The mint leaf is used both as a culinary herb as well as a medicinal herb. In the world of medicine, mint has shown to promote healthy digestion, relieve acne, prevent cancer, and can be a natural stimulant, relieving symptoms of depression or fatigue. It has been used to improve oral health. Others have used it as a remedy for nausea. The mint can be chewed on or also be used in a tea when trying to best benefit from its medicinal properties.
mint is very versatile. The leaves can be added to meat dishes, salads, and soups. Add mint to your fresh fruits, or add it to yogurt, along with cucumber, garlic, salt to taste, make chutney by blending it with lemon juice, ginger, onion.
Muddle your drinks with mint, add it to iced tea, or iced fruit drinks.
It pairs great with chocolate! (See Dark Chocolate mint Leaves recipe below). 🙂
Zucchini is a member of the cucumber and melon family, with its origins coming from Italy. Summer squashes are a very strong source of key antioxidant nutrients, providing protection for the eyes, including against age-related macular degeneration and cataracts. Summer squashes have more benefits than you can count, its good for blood sugar regulation, anti-inflammatory protection, gastric ulcers; it provides antimicrobial protection, good for prostate health and has anti-inflammatory properties. It’s always good to purchase organic summer squashes so you can eat the nutrient rich outer skins.
Zucchini are versatile as a vegetable or can be used in making desserts. The whole vegetable is edible, and can be cooked in a variety of ways. Its delicious steamed or added to broths, sliced or grated into salads, juiced and to your smoothies. Enjoy it in a ratatouille, mixing bell peppers, eggplant and tomatoes, simmering them together with spices. Eat raw with a dip made with sour cream garlic and lemon basil. Throw it into your omelets, or open-faced sandwiches.
1 cup grated zucchini squeeze out the water
½ grated cheese your favorite
¼ cup finely chopped green onion
¼ cup chopped tomato
Salt and pepper to taste.
Mix everything in a bowl with a fork so it stays fluffy. Spread on your favorite bread, we or on a pizza crust and toast till golden on top.
The Sweet Lemon, or sweet lime depending on who you talk to, is incredibly high in Vitamin C and has been a favorite of Mediterranean, Persian, and Indian cultures for centuries for that very reason. Native to Southeast Asia, the sweet lime suffers from a bit of an identity crisis here in the states. Despite its name, the sweet lemon isn’t especially loaded with sugar. It just lacks any kind of acidity, making whatever available sugar in the pulp pop, since it’s not competing with anything. The sweet lemon has a clean and slightly floral fragrance, concentrated — as with most lemons — in the rind. The pulp is very mild and succulent. It’s a squat, palm-sized fruit, nearly flat at the stem end and with a small nipple on the blossom side. And it does have seeds, few or many depending on the variety you get.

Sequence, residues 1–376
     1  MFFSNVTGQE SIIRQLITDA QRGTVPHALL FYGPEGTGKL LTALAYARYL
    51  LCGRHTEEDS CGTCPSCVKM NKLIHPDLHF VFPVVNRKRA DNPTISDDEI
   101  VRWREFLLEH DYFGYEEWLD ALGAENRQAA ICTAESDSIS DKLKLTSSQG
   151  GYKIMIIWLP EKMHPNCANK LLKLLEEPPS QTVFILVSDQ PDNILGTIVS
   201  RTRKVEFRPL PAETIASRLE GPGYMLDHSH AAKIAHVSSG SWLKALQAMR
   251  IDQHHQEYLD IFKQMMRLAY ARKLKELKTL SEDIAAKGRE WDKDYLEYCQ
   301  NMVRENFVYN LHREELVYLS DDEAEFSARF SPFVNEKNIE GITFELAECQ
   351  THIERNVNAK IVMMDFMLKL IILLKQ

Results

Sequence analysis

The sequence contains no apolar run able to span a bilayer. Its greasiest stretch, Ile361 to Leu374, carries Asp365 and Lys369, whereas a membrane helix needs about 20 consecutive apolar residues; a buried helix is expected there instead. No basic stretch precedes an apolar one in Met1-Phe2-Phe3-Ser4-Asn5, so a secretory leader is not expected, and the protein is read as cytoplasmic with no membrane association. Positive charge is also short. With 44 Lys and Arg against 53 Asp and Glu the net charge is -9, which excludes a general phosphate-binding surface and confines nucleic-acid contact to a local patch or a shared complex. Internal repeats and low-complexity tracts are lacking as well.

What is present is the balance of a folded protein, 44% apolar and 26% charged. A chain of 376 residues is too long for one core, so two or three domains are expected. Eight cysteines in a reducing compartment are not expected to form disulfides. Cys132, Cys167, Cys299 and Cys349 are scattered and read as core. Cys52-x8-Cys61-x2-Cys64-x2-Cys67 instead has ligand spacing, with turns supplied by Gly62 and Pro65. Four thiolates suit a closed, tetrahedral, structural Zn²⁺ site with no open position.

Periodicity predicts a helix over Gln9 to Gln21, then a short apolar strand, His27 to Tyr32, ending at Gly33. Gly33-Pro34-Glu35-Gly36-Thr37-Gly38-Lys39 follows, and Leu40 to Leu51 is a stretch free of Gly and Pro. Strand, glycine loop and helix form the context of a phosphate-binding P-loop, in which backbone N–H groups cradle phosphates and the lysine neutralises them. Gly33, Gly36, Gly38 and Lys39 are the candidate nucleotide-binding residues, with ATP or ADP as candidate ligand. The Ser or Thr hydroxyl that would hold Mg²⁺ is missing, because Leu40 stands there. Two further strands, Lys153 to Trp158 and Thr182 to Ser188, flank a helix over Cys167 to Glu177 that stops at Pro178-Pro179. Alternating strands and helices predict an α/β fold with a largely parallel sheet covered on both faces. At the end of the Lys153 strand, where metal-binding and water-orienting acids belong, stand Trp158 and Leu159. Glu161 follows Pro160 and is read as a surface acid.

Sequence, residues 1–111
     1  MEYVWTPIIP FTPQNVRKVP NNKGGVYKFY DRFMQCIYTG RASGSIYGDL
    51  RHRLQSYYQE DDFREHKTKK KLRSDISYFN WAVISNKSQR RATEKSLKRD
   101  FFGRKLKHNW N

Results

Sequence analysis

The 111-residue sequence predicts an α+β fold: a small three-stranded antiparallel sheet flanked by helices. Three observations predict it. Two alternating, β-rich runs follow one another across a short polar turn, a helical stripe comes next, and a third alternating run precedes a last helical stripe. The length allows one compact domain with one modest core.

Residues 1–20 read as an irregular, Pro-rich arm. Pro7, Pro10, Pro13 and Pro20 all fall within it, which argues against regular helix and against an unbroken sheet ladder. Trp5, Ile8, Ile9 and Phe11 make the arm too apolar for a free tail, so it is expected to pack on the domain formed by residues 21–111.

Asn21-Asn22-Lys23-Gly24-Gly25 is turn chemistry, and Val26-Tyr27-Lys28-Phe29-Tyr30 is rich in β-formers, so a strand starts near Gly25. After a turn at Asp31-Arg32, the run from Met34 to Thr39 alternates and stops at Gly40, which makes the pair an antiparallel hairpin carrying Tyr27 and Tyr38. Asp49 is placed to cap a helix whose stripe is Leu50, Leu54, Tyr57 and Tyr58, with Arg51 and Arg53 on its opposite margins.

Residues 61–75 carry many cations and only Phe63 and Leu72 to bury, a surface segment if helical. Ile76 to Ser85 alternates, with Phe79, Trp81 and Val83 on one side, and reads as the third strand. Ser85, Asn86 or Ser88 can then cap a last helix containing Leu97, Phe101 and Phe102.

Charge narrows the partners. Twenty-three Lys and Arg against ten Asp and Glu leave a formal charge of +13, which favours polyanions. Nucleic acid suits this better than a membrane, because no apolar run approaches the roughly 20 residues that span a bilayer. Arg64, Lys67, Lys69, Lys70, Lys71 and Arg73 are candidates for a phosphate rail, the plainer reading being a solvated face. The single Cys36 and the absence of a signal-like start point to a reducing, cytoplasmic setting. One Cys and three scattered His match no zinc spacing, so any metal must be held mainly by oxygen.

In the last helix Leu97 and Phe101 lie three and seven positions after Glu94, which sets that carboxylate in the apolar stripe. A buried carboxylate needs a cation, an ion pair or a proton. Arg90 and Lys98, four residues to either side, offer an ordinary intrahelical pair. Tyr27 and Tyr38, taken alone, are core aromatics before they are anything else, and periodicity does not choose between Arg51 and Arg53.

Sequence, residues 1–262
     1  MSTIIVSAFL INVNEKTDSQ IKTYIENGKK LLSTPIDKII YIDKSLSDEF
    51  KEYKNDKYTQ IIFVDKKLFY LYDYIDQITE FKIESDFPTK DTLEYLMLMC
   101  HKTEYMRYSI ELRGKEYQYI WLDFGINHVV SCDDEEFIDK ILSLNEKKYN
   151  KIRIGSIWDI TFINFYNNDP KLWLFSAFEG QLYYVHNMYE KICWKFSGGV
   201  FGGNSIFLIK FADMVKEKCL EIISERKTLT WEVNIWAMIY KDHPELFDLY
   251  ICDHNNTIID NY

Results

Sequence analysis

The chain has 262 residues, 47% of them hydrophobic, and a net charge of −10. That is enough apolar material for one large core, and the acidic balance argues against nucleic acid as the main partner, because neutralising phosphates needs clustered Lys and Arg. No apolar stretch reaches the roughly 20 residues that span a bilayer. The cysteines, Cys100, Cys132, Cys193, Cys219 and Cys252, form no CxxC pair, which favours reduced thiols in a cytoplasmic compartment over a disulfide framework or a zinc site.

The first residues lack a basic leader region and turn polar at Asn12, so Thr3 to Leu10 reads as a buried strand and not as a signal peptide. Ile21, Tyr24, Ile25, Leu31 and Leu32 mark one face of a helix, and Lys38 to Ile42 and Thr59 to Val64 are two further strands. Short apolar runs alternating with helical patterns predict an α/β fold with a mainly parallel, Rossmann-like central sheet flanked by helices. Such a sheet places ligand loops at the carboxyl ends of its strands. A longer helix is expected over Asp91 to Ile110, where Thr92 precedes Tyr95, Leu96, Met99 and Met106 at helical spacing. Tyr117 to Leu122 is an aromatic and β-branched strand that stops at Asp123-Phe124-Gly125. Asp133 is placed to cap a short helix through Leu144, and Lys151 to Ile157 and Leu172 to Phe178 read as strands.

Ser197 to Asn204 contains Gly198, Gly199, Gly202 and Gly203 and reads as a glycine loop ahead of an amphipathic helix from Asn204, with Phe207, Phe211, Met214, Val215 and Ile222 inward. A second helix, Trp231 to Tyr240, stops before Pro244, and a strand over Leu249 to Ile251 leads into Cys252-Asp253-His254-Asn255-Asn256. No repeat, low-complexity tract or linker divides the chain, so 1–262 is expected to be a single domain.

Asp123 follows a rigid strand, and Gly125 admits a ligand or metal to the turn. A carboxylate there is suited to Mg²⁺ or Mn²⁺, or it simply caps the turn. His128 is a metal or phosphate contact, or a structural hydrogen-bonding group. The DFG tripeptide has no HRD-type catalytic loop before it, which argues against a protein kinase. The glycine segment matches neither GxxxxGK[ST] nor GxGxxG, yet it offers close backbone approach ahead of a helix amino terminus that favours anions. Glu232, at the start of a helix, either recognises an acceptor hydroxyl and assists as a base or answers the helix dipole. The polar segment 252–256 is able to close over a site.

The cuban oregano is a source of Vitamins A, C, and E. It also has minerals and phosphates. It can be used just like regular oregano in the kitchen. It has also been known to help soothe digestion and to have antibiotic, expectorant and laxative effects when taken as a medicinal tea. cuban oregano, along with regular oregano can also be made into an effective mouthwash because of its anti-fungal and antibacterial properties. It can be powerful against Candida.
The cuban oregano can be taken as a tea as well as cooked just like you would regular oregano, for maximum nutrients, add to your dishes at the end. Also great for seasoning pickles and ferments. It can be interchangeable with thyme and sage. Cubans use this to make their black beans. In India, cuban oregano is often used in fish curries. In Japan, it is cooked like spinach.
zuchinno rampicante is one of the most delicious squashes, this unique Italian heirloom is very tender, mild and sweet. It’s most similar to zucchini in flavor, but firmer in texture. No matter how you eat it, its delicious raw or cooked.
Use this squash the same way you would use zucchini, it can be sautéed folded into omelets and risottos stuffed and steamed or deep-fried. Use it to make fritters, soups, and pizzas. It also makes great raw noodles. This squash is addicting and leave you coming back for more.
These can be cooked just like our zucchini.